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2013 Best Family Festivals in the UK - Guide, Hints and Tips for Surviving Festivals with Children

2013 Best Family Festivals in the UK - Guide, Hints and Tips for Surviving Festivals with Children - Sand sculpture entrance to the kids area at Latitude Festival

Not so long ago, taking young children to summer music festival was about as brilliant an idea as taking them to the Brixton Academy for a relaxing evening of Slipknot. Thankfully, things have changed dramatically in recently years, and many festivals are now extremely well equipped to provide a fun packed weekend for the whole family. That said, parents who reckon they have been there, done that, should be aware that festivaling en famille is strictly for the hardcore. In this PAAM volunteer software blog, we take you through the dos and don'ts of surviving the course with the kids, what to pack, and our pick of the best family festivals in the UK.

Don't be a Festival Loser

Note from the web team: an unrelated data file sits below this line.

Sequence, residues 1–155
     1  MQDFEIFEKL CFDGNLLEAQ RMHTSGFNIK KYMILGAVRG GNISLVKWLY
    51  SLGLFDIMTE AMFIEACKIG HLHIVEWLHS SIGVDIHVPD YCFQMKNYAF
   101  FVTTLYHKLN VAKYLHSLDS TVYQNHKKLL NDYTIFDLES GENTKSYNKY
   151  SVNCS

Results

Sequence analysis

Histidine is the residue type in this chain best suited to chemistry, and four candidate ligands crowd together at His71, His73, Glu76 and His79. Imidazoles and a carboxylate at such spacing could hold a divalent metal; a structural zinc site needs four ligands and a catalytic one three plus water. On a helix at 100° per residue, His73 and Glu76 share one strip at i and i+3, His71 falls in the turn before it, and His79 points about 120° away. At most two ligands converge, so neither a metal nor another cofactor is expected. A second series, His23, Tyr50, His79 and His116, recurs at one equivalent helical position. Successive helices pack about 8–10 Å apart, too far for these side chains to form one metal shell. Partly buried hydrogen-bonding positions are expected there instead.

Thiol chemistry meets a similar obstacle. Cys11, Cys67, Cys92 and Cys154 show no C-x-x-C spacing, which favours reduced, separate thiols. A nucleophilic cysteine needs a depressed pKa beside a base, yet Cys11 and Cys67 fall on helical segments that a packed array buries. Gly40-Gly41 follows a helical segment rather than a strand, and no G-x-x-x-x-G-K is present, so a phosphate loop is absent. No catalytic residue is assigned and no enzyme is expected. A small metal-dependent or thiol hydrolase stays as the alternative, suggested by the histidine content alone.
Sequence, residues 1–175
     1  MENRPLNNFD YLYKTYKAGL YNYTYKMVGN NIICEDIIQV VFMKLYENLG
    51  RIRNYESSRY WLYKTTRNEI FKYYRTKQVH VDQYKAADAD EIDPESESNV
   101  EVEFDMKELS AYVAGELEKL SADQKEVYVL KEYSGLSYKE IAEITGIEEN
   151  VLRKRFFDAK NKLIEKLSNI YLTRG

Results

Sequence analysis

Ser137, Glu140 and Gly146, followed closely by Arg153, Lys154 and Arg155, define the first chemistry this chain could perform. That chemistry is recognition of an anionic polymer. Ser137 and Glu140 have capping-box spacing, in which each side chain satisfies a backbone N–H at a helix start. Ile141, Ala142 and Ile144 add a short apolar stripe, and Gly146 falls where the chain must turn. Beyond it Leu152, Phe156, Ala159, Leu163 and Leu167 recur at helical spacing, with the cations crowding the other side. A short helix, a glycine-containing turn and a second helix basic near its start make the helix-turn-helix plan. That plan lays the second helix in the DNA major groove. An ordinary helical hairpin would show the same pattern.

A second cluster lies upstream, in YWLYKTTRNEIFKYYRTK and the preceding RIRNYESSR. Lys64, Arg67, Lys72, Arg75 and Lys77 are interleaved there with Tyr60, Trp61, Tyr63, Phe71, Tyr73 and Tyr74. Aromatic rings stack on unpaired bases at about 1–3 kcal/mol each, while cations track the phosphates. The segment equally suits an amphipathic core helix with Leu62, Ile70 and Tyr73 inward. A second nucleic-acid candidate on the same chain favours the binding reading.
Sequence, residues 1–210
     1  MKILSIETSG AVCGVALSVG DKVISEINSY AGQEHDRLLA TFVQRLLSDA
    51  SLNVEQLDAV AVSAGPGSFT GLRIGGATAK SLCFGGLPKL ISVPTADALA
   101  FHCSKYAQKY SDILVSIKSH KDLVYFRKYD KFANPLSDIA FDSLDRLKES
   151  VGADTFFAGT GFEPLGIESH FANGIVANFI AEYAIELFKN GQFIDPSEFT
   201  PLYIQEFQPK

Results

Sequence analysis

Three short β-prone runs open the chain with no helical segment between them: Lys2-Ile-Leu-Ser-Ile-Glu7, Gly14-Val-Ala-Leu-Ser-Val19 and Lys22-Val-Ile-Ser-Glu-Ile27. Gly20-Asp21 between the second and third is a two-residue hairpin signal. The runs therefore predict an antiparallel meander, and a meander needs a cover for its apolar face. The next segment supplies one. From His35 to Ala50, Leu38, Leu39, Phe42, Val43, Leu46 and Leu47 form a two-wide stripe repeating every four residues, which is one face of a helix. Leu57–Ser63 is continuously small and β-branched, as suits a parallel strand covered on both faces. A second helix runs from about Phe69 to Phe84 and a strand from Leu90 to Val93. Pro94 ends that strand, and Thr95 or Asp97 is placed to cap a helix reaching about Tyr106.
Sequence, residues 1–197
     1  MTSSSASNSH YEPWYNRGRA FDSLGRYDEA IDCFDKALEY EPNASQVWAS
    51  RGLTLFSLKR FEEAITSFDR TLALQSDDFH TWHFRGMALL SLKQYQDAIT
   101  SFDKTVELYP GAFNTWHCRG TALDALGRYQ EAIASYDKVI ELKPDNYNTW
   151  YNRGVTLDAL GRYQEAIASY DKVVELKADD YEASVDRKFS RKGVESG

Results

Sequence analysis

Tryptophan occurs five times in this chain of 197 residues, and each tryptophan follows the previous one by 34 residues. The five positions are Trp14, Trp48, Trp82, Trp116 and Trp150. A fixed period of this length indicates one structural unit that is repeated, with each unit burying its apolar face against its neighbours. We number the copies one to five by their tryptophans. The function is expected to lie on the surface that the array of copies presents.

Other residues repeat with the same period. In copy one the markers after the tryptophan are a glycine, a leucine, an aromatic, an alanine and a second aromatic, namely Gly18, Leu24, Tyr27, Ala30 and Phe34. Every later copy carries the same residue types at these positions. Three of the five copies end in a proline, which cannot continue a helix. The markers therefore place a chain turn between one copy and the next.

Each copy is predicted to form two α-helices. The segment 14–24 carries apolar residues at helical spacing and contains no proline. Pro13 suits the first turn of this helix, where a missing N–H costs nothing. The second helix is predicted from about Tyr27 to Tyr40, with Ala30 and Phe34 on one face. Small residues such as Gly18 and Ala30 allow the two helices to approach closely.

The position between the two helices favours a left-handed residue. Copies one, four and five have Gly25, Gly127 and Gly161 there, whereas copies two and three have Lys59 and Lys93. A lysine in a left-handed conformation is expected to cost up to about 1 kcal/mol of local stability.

Festivals are busy, crowded places with distractions at every turn, and it only takes a second for a little one to wander off and disappear into the throng. Although some festivals provide kids with paper wrist bands on which you can scrawl your phone number, festivals are often wet, muddy and messy. A better idea is to brand your brood with something a bit more durable, such as waterproof stickers or badges. Alternately, simply write your name and number in permanent marker directly onto a piece of clothing - it's only a t-shirt/tutu/Spiderman costume after all. As festivals are usually held in the middle of the countryside with several thousand people trying to use the same tower, don't rely on mobile phones. Walkie-talkies on the other hand can be a fun way to keep up with the kids, and these days even the cheap ones can operate within the perimeters of most festivals. It is also essential to have a set strategy in the event of separation. For older children, the easiest course of action is to nominate a meeting point, or several, depending on how big the festival is. Choose somewhere central, as 'back at the tent'could result in an epic trek that won't make for a particularly happy reunion.